British policy makers accept ‘race’ and ‘ethnicity’ and they have developed ‘race relations’ approach while their French counterparts refuse to categorize ‘race’ and ‘ethnicity’ and focus much more on antiracism. As theoretical model, Britain has developed ‘multiculturalism’ to integrate its immigrants and recognize immigrants’ cultural, religious and social differences from British people. On the other hand, France believes in assimilating immigrants into its society. France does not even want to give verbal recognition of ethnic identity out of fear that the use of such terms (ethnicity) might encourage the entrenchment of ethnic differentiation within French society. Therefore, policy divergence of these two countries differs significantly.
Today one in five people in France are estimated to be of immigrant origin. Yet despite this amount of ethnic diversity, France sees itself and desires to be a monocultural society. Immigrants most desire a bicultural identity, in which they retain some elements of their ethno-cultural identity while adopting some values of French society. The construction of a bicultural identity presents a challenge to France due to the particular philosophical foundations of the French nation-state and French culture. Given the recent increases in global people flows, a growing number of people are being exposed to second cultures, increasing the potential for cultural conflict (the ban on the Islamic headscarf, for example).
Denial of identity
While Mauritius has adopted a multicultural ideology and cultural pluralism as its policy and we have adopted along the way such appellations as “Hindi-speaking”, “Urdu-speaking”, “Tamil-speaking”, “Telegu-speaking”, “Marathi-speaking”, “Mandarin-speaking” and recognise the speaking unions of different linguistic and ethnic groups, the ‘assimilationist’ strategy in the French usage denotes an “absorption radicale… l’identité d’origine disparait totalement… sans réserve et sans retour.” It also conveys a sense of total “renoncement” of the culture of origin. In this respect, the French notion of assimilation goes one step further to denote the complete denial of any identity other than one that matches the identity of the members of the majority French group.
In a pluralist society such as ours, different cultures come into contact with each other and changes in our behaviour are bound to occur. When different groups present diverse behaviours within the same territory, these differences have the potential to result in conflict. Whether or not these differences result in conflict is contingent on the acculturation strategies of the non-dominant migrant group and the dominant host society.
Some societies, like France, seek to eliminate diversity through policies and programs of assimilation while others may be accepting of cultural pluralism and adopt a multicultural ideology. Assimilation occurs when individuals do not desire to maintain their cultural identity and seek interaction with other groups and the adoption of the dominant group’s values and culture. In this case individuals shed their heritage culture and become part of the dominant society.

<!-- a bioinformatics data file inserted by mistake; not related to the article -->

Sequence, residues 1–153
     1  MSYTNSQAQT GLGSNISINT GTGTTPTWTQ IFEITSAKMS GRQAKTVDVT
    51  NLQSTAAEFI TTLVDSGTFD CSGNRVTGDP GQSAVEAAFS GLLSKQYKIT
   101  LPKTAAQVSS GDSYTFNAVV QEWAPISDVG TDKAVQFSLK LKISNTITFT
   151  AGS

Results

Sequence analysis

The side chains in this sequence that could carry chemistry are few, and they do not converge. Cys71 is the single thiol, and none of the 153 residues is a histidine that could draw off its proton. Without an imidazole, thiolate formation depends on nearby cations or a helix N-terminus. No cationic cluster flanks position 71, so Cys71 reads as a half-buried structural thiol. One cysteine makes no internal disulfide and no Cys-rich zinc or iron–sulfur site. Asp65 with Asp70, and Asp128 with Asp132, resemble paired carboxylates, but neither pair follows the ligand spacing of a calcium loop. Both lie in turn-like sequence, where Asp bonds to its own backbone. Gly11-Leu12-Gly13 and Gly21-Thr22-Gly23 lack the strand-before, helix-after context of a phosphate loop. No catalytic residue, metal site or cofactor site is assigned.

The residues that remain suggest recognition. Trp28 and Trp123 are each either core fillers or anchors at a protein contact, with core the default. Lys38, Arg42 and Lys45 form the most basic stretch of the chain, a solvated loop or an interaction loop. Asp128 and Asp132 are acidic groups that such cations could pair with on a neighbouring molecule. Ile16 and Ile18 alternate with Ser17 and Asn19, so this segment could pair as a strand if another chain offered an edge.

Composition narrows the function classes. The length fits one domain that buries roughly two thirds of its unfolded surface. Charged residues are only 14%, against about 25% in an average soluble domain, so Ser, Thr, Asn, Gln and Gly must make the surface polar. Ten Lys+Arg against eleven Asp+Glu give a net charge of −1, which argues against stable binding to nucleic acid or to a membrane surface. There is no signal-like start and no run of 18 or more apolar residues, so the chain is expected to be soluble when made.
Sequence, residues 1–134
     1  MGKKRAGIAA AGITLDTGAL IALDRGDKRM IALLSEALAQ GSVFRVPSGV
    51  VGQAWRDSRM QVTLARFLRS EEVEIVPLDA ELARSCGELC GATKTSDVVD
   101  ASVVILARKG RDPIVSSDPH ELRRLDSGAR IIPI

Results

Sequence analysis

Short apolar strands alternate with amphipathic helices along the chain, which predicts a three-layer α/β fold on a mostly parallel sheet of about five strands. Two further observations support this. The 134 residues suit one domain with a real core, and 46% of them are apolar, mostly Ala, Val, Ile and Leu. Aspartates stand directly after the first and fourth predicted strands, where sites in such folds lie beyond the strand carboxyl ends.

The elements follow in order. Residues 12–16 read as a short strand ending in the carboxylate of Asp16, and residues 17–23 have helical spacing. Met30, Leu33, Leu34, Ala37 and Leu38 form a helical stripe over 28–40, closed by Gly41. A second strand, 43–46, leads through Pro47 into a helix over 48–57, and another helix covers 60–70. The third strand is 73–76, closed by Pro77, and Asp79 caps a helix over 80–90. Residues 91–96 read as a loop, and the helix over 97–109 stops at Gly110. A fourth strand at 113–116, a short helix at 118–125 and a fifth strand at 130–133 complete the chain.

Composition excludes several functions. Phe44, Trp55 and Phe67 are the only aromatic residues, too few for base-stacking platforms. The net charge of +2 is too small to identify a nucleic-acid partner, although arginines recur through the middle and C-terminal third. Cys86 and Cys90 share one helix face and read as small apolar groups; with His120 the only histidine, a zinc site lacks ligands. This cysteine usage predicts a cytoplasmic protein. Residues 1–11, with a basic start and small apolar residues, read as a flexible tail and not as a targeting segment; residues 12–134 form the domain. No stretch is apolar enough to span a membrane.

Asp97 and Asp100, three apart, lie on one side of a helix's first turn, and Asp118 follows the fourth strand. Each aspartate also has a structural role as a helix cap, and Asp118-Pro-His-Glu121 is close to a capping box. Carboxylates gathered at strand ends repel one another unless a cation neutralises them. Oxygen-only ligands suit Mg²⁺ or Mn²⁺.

Manuel Boucher, a French social scientist, who has studied the race riots breaking out in the French ‘banlieues’, notes “Au nom de la lutte contre la fragmentation de la nation et de l’éclatement de la société politique, il s’agit, pour le nouvel arrivant, s’installant en France, d’abandonner ses valeurs propres, celles de sa communauté d’origine et d’approprier les valeurs fondamentales de la nation française.”
Societal inclusion is an integral part of developing a strong national identity and can be impeded if immigrants are met with discrimination or rejection from the host society. Immigrants who are isolated by the host society are unlikely to be satisfied or productive members of society. However, due to the primacy of one’s ethnic identity as a defining characteristic, pressures from the host society to assimilate and give up one’s sense of ethnicity and values may result in anger, depression, and, in some cases violence. When immigrants feel that the host society is unwilling to accept or support the migrant groups’ value system and culture, acculturation may take the form of segregation or separation.
All societies must find a balance between accepting culture retention and fostering adaptation to the larger society. The lesson we Mauritians have to learn from this controversy around the issue of ethnicity and national identity is that we need to celebrate diversity. Amartya Sen, the Indian scholar, has written a book on identity entitled “Identity and Violence”, which is an echo of the Lebanese-born French author Amin Maalouf’s work “Les Identités Meurtrières”, both emphasising that all of us have multiple identities. It is also helpful to bear in mind at all times the American poet Walt Whitman’s humbling iconic line “I am large. I contain multitudes,” which is a reference to the multiple identities that we all, including Mauritians, carry, and yet hide behind identity politics in the public sphere.
* Published in print edition on 3 August 2018